Dear Twitter, Please Protect Your Users From Abuse


I’ve been on social media now for about 15 years. I first went on MySpace, then Facebook and joined Twitter when it was launched.

I use social media to raise awareness of autism and my campaigning work, which I have been doing since my diagnoses in 2001. About four years ago, I started to get “trolled” and stalked by a person from another country; it was constant, day in day out. Then later, the abuse came onto Twitter in the form of trolling, abuse and hate speech.

The worst aspect for me is Twitter cloning and impersonation. For me, it’s like identity theft. When someone clones your profile and pretends to be you, there’s nothing worse than this, but for me when I got this type of abuse, which I reported to Twitter, it took them several weeks to close down the imposter’s account.

The abuse got so bad that I had to involve the police because I was being violated on Twitter. This is a serious disability hate crime offense.

Social media sites such has Facebook and Google have verified and protected my accounts online, but sadly Twitter refuses to protect my safety online. I feel they have a moral responsibility to protect their users. But this has not happened for me. Many of my supporters have tweeted Twitter; I’ve even had my member of parliament (MP), police, crime commissioner and even celebrities write to Twitter, asking them to verify my account —  but Twitter came back to say I don’t meet the eligibility criteria, when the truth is I am a high profile campaigner in the U.K., as well as an author. They still refuse to verify me, and what I really can’t get my head around is that other campaigners like me, like Shy Keenan and Denise Fergus, who have received abuse online have subsequently had their Twitter accounts verified and protected by Twitter.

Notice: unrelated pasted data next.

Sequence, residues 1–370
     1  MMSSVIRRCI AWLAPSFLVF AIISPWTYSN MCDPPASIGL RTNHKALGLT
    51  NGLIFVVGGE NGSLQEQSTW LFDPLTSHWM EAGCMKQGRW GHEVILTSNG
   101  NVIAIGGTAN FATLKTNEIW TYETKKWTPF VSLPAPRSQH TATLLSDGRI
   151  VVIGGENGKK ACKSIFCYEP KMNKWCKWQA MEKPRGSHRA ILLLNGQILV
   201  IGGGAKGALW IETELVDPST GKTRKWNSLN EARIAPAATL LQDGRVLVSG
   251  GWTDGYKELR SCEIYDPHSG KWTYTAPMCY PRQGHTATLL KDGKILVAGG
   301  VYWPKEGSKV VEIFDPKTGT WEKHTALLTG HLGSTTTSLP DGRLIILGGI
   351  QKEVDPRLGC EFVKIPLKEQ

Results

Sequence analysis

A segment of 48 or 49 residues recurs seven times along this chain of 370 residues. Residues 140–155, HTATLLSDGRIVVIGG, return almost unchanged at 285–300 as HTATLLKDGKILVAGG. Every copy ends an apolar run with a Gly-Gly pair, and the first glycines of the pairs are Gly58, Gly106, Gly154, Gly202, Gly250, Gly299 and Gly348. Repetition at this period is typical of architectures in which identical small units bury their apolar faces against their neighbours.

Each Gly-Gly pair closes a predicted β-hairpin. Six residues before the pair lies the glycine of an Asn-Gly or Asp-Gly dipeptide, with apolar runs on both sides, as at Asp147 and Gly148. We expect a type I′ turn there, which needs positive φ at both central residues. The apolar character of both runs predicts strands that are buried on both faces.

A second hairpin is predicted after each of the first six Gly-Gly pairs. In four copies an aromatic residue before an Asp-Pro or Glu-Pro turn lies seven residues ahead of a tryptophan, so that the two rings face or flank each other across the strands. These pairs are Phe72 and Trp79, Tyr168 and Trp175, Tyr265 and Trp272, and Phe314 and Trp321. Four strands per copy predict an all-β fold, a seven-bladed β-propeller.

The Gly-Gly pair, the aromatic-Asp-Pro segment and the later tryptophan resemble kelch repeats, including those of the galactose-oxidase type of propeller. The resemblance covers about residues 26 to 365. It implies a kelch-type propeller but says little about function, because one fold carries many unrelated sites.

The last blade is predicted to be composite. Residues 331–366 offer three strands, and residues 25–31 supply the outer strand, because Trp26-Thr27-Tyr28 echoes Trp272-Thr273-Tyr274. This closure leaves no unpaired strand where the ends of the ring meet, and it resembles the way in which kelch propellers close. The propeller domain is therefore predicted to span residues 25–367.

Lots of people tell me, “Well Kevin, if Twitter verified your account, you will still get cloned and impersonation and abuse.” Well, yes this is true; however, if my account is verified then at least people will know who is the real “Kevin Healey.”

Over the last two years, I’ve been interviewed twice by Sky News, the Mail, Independent, BBC and ITV about my abuse online. Just a few months ago, I quit Twitter for a month because the abuse started again, but I’ve come back on Twitter now.

My advice is to not feed the trolls; instead, starve them of oxygen. It’s like the scenario of a fire that needs oxygen to stay alight. I feel Internet trolls are like this, as they need oxygen, but you can starve them and silence them.

Over 1,700 people have signed my online petition asking Twitter to verify my account, but sadly this still has not happened. I just want protection, nothing more and nothing less. In a leaked memo last year, the CEO of Twitter, Dick Costolo, said that they failed to protect users online and this would change. It slightly has, in that if you have a verified account you can filter out the abuse as well as filter out imposters, etc. — but sadly, I can’t do this because I’m still unverified.